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TRS-80

Surveying the hardware landscape 2019 and beyond, with an eye toward freedom (headless server)

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(edited)

Greetings everyone,

 

A couple years ago, I did my research and followed the recommendation here and on linux-sunxi to purchase a Cubietruck and have had excellent results.

 

I use my small low power GNU/Linux sever for all manner of things including self hosted "cloud" (contact, calendar, file synchronization), XMPP messaging server, media server, etc...  It has been such a success in fact that we are putting more and more of our valuable personal files on there like pictures, etc. and that has me thinking more and more about reliability, backup, etc...

 

I became very interested in ZFS but my understanding is that it requires 64-bit, but the state of 64-bit ARM devices seems... well, not quite ready for prime time just yet?

 

I have spoken to some friends and family about my self-hosted solution, and a few of them are interested now in doing something similar. So now I am thinking along the lines of purchasing a second (and/or third...) Cubietruck and putting together a sort of distributed cluster of little servers at different locations where we each back up one another's data.

 

So I guess my question is, should I pull the trigger now and purchase additional Cubietruck(s), or just sit tight and wait a little longer until 64-bit ARM matures? Or perhaps there is some other option I am not aware of (hardware recommendation)?

 

My primary concerns are privacy, including keeping my own data on devices I physically control or have access to. Also the whole state of affairs with blob bootloaders is very troubling to me, but it has been difficult for me to find specific info on this, at least with regard to specific ARM based hardware. Maybe I am not looking in the right place(s)? Any pointers about where to find such information would also be greatly appreciated.

 

To give you an idea of where I am coming from, I spent years and hundreds of dollars acquiring a number of KGPE-D16 motherboards and related hardware (ECC RAM, etc.) to run Libreboot and ZFS, only to measure the power consumption and realize that at hundreds of watts it was totally unfit for the purpose of a 24/7/365 server. I just don't want to make any more really bad mistakes like that. I know there are some very knowledgeable people here, and I am hoping some of you can contribute to a discussion that would get me (and others who think similarly) looking in the right direction.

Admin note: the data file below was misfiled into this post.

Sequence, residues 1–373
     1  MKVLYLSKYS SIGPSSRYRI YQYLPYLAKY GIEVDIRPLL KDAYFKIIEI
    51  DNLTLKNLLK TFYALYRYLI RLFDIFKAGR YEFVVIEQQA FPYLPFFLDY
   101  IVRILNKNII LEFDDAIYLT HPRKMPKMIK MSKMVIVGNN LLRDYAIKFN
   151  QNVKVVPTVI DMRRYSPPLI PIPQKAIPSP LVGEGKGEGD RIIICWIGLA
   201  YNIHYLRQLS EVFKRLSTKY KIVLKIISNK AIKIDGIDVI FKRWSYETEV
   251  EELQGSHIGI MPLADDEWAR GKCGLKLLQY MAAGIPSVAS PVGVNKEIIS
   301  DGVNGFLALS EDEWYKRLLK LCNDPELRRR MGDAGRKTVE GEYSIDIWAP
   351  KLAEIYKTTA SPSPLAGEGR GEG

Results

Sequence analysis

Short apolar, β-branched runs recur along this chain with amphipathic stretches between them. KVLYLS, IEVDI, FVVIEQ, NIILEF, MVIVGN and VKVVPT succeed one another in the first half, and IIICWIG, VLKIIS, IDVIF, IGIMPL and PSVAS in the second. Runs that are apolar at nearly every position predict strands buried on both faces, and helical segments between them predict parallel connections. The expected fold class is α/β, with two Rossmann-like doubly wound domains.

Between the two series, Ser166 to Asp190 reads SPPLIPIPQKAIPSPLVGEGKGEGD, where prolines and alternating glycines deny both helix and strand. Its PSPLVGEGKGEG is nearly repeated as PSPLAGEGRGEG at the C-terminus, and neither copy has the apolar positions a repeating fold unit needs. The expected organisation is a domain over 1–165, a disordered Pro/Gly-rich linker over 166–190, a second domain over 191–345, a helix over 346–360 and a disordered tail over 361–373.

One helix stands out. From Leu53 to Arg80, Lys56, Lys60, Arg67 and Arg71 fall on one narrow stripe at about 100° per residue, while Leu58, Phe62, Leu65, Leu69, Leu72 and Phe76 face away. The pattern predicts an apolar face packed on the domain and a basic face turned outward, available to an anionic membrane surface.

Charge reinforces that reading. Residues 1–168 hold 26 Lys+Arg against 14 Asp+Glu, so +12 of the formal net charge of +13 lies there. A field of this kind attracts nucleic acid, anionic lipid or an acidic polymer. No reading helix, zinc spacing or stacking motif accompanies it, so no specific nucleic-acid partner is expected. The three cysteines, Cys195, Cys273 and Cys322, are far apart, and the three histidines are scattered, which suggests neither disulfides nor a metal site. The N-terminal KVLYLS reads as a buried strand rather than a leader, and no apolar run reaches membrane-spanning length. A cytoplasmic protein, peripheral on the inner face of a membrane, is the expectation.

TRS-80

 

P.S. - I just want to thank everyone here who is doing such a fine job. The developers as well as those who help in answering questions in the forums, etc. I am very short on time these days and cannot help out in that way myself currently, however I did make a small monthly financial commitment in the form of a membership. It is not a lot but is the least I can do. I feel that those of you who spend your valuable time on development, support, etc. should not have to come out of pocket for server costs and other small expenditures. I know that I personally greatly appreciate your work, I'm sure others do as well, even if they don't say so as often as they should. Cheers!

Edited by TRS-80
typo

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8 minutes ago, TRS-80 said:

but the state of 64-bit ARM devices seems... well, not quite ready for prime time just yet?

 

8 minutes ago, TRS-80 said:

until 64-bit ARM matures

There are many 64bits SoC which are already matures, such A64 or H5, just to name a few ...

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(edited)

Thanks for the suggestion, @martinayotte, I am reading up on those architectures now.

 

A quick read of https://linux-sunxi.org/A64 seems to indicate only 1x USB port, and no SATA, which does not seem suitable for a multi-disk ZFS server, even though it is 64-bit.

 

https://linux-sunxi.org/H5 however, with 3x USB seem possibly more suitable. I need to read more.

 

I suppose when I said that, I was referring to the RK3399 boards which seem to be much more powerful, more RAM, and more options as far as places to attach multiple disks (some even with PCIe slots!) which would make them pretty much ideal as far as headless ZFS servers are concerned. Unfortunately, Linux support on those still seems very WIP, for the time being...

 

I keep going back and forth on USB vs SATA interface to attach the hard drives, I seem to recall @tkaiser saying somewhere that speed is pretty much the same nowadays (assuming USB3?) and then from a tinfoil hat perspective I have also read that USB better isolates the hard drive firmware from direct memory access?

 

TRS-80

Edited by TRS-80
clarify

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6 hours ago, TRS-80 said:

I was referring to the RK3399 boards which seem to be much more powerful

 

I would at least take a look at the H6 at this point, support is coming along quite nicely.

 

Also, I own a CoCo 2 and a Model 100, so, tip of the hat to the name.  :lol:

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On 6/2/2019 at 9:33 PM, TonyMac32 said:

Also, I own a CoCo 2 and a Model 100, so, tip of the hat to the name.  :lol:

 

Wow, you still hanging on to those fossils?! XD  A year or two ago, I finally convinced the Mrs. to get rid of several old consoles she had kept for years and I replaced them all (and more) with an emulator on our front end RPi in the living room (which also runs Kodi, etc.).  But then again we are very limited on space in our current setup. I know there are a few things I would be hoarding more of, if I had the room... XD